These First-Ever Dietary Guidelines For Babies Will Help Parents Stay Informed
The United States departments of Health and Human Services and Agriculture have put out a dietary guideline for the general public for decades. This has become rather the gold standard when many parents consider the ideal nutritional intake they want their child to enjoy. The baseline for school lunches, for breakfast, for snacks, and beyond. But what about when your child is still a baby? Or still in the womb? The USDA has never put out a set of guidelines for those stages... until now. These first-ever dietary guidelines for babies are expected to come out in 2020, and hopefully they'll help parents make healthy choices in those all-important first months.
The USDA recently announced that a group has assembled to create a set of nutritional guidelines for pregnant women and children under two, as per USA Today. This group has reportedly formed because of a Harvard study from October that predicted more than half of children alive today (57 percent) will be obese by the age of 35. And there was evidence to suggest that those patterns started in the years before a child turns 2, according to the study. To combat this possible epidemic, which could see children suffering from a myriad of health concerns relating to obesity, The Washington Post reported that the group has already begun to discuss dietary guidelines for pregnant women and babies under 2 years of age.
So what can we expect from these dietary guidelines for infants and pregnant women? Much like the recommendations the USDA updates every five years for the general public, these are expected to help parents figure out exactly what their children should be eating and precisely how much food they should consume in a day. Which, as most parents will tell you, has often felt like a mystery in the past.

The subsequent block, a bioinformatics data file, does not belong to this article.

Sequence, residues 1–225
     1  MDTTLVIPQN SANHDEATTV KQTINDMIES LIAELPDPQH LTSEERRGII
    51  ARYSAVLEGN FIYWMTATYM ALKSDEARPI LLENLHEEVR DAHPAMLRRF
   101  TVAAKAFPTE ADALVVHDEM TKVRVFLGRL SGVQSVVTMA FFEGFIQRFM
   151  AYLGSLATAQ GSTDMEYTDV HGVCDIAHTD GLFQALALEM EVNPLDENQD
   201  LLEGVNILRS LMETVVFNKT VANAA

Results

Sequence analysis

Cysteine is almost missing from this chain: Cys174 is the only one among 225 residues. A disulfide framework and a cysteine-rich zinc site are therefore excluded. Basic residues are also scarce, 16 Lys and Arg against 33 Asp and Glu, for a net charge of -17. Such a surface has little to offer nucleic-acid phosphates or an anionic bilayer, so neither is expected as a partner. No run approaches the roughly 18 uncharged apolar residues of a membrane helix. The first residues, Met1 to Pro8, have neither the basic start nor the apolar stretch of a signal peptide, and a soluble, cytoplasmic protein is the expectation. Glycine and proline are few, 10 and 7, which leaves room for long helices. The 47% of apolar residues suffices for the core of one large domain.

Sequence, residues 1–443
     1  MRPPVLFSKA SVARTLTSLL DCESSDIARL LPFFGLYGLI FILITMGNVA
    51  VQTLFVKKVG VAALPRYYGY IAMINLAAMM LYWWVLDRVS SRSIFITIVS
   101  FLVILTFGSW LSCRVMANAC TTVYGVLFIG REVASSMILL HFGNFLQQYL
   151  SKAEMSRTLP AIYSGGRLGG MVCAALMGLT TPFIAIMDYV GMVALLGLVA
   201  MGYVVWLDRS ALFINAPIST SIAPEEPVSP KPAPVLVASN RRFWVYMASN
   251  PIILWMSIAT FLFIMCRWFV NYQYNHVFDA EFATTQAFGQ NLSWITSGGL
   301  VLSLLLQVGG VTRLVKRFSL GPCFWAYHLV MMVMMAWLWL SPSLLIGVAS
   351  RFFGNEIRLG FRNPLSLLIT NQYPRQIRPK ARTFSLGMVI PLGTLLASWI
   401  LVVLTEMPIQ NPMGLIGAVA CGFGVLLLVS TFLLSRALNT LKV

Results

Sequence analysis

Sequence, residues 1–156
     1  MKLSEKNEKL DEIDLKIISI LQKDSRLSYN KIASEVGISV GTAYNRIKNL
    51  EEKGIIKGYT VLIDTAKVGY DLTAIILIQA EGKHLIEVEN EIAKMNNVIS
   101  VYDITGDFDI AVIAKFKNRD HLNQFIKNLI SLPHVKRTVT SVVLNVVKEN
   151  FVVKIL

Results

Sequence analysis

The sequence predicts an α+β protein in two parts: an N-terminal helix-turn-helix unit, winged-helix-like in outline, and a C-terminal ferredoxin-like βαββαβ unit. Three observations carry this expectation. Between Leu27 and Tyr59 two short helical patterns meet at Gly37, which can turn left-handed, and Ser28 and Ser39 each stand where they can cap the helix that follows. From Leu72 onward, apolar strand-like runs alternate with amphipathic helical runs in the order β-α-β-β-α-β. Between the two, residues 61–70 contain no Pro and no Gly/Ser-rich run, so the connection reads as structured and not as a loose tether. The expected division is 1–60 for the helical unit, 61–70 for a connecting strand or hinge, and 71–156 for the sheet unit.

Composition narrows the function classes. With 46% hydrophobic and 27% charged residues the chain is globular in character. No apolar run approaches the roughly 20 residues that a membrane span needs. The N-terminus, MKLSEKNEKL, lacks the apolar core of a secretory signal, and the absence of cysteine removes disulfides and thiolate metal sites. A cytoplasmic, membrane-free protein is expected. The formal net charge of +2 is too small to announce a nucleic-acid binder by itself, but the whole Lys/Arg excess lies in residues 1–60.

But it's a mystery that needs to be solved, considering the long-term effect some experts say poor diet choices can have on your child's future.
Lucy Sullivan, founder of the Washington, D.C., nonprofit organization 1,000 Days, explained to ABC Action News Tampa Bay that:
if a child is overweight by age 5, there is a great risk the child will be dealing with obesity his entire life. It can be a life sentence.
And registered dietitian Toni Marinucci, MS, RDN tells Romper by email that she thinks that these new guidelines can truly be helpful — in a practical sense for parents, and also, of course, may mean that babies and small children are getting healthier foods tailored to their needs.
My take on this is the earlier the intervention, the better. A baby does not know the difference between what's healthy or not, so he/she will eat whatever is given to them. This is why it's important to educate parents how to feed their children to minimize their chances of developing obesity and the many diseases associated with it.
USA Today noted that these dietary guidelines will inform a whole host of programs once it is released in 2020, like the National School Lunch Program and the Special Supplemental Nutritional Program for Women, Infants, and Children. But perhaps just as importantly, it will offer parents the opportunity to educate themselves about how a baby's diet might differ from a 2-year-old's and beyond.
Because every parent wants their child to be healthy. It would just be nice if they had the knowledge to help them.